• 9 reasons I upgraded from AngularJS to Angular

    In 2010, Google released AngularJS, an open source, JavaScript-based frontend structure for developing single-page applications (SPAs) for the internet. With its move to version 2.0 in 2016, the framework's name was shortened to Angular. AngularJS is still being developed and used, but Angular's advantages mean it's a smart idea to migrate to the newer version.

  • [Old/Odd] 5 news feautures of PHP-7.2

    Before PHP 7.2 the object keyword was used to convert one data type to another (boxing and unboxing), for example, an array to an object of the sdtClass class and/or vice versa, as of PHP 7.2 the object data type can be used as parameter type or as function return type.

  • This Week In Rust: This Week in Rust 351

Proprietary Software and Linux Foundation

  • [PCLinuxOS] Opera Browser updated to 70.0.3728.106

    Opera is a Chromium-based browser using the Blink layout engine. It differentiates itself because of a distinct user interface and other features.

  • Vivaldi Explains Why They Make "Proprietary Garbage"

    It is unfair to say that Vivaldi is not open source at all as someone like Distrotube has done, the way the company behind Vivaldi has decided to handle this application is by using a dual licensing system where the open source portion of the application is licensed under an open source BSD license but that's not the point of today, the point is to explain why they have decided to license their software in such a way.

  • Scientists Forced To Change Names Of Human Genes Because Of Microsoft's Failure To Patch Excel

    Six years ago, Techdirt wrote about a curious issue with Microsoft's Excel. A default date conversion feature was altering the names of genes, because they looked like dates. For example, the tumor suppressor gene DEC1 (Deleted in Esophageal Cancer 1) was being converted to "1-DEC". Hardly a widespread problem, you might think. Not so: research in 2016 found that nearly 20% of 3500 papers taken from leading genomic journals contained gene lists that had been corrupted by Excel's re-interpretation of names as dates. Although there don't seem to be any instances where this led to serious errors, there is a natural concern that it could distort research results. The good news is this problem has now been fixed. The rather surprising news is that it wasn't Microsoft that fixed it, even though Excel was at fault. As an article in The Verge reports:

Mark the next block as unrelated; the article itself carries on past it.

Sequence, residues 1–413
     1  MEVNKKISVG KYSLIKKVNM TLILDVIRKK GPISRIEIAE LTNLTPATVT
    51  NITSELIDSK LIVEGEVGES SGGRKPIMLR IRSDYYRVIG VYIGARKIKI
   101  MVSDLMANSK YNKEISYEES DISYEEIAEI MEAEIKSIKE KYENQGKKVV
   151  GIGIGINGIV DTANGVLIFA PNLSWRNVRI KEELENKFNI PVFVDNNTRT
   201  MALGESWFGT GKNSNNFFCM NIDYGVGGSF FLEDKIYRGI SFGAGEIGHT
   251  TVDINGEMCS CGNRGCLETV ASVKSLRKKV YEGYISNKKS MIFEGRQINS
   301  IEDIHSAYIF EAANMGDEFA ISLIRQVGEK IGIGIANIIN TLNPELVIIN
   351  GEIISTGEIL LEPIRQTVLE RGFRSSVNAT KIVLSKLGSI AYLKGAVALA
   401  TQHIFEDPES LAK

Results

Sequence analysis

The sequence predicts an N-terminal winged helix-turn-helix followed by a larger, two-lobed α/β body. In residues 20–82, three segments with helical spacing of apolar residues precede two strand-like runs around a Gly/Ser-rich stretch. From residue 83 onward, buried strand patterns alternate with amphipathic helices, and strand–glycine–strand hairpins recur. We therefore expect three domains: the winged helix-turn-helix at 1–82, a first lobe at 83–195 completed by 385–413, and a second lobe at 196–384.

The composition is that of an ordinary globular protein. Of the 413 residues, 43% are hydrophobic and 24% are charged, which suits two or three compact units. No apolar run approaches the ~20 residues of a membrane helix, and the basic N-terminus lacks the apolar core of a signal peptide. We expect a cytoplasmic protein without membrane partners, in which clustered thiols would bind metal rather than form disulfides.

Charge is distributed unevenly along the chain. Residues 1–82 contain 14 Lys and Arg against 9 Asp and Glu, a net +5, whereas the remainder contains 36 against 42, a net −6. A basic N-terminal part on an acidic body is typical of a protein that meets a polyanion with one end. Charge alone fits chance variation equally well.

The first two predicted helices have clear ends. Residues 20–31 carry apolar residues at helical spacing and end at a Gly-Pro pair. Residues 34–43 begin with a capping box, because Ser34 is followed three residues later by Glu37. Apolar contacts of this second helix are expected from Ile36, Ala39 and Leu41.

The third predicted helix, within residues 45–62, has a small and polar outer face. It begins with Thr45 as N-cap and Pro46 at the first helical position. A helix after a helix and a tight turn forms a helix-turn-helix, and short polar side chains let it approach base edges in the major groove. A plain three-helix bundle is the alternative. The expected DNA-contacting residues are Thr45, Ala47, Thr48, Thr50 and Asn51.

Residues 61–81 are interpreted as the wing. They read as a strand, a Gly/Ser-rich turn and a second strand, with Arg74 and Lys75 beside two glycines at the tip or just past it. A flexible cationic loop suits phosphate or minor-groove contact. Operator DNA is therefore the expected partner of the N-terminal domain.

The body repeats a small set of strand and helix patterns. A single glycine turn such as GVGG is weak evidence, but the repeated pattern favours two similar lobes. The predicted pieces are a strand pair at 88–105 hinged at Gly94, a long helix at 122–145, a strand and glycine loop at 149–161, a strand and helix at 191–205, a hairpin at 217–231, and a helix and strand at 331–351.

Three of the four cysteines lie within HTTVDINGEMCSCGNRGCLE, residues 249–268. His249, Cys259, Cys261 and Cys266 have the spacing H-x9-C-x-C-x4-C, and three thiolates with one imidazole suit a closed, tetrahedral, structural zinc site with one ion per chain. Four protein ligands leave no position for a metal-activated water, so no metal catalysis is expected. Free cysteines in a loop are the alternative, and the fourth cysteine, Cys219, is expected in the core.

• The Linux Foundation Wants Open-Source Tech to Address Future Pandemics

    The Linux Foundation, which supports open-source innovation in blockchain tech, launched the Linux Foundation Public Health Initiative (LFPHI) at the end of July. The LFPHI’s goal is to promote the use of open source by public health authorities, which can be scrutinized by anyone, to fight not just COVID-19 but future pandemics as well.

  • LF Edge’s Akraino Project Release 3 Now Available, Unifying Open Source Blueprints Across MEC, AI, Cloud and Telecom Edge

    LF Edge, an umbrella organization within the Linux Foundation that aims to establish an open, interoperable framework for edge computing independent of hardware, silicon, cloud, or operating system, today announced the availability of Akraino Release 3 (“Akraino R3”). Akraino’s third and most mature release to date delivers fully functional edge solutions– implemented across global organizations– to enable a diversity of edge deployments across the globe. New blueprints include a focus on MEC, AI/ML, and Cloud edge. In addition, the community authored the first iteration of a new white paper to bring common open edge API standards to align the industry.

  • Linux Foundation Launches Jenkins X Training Course

    Linux Foundation has launched a new training course, LFS268 – CI/CD with Jenkins X. Developed in conjunction with the Continuous Delivery Foundation, the course will introduce the fundamentals of Jenkins X.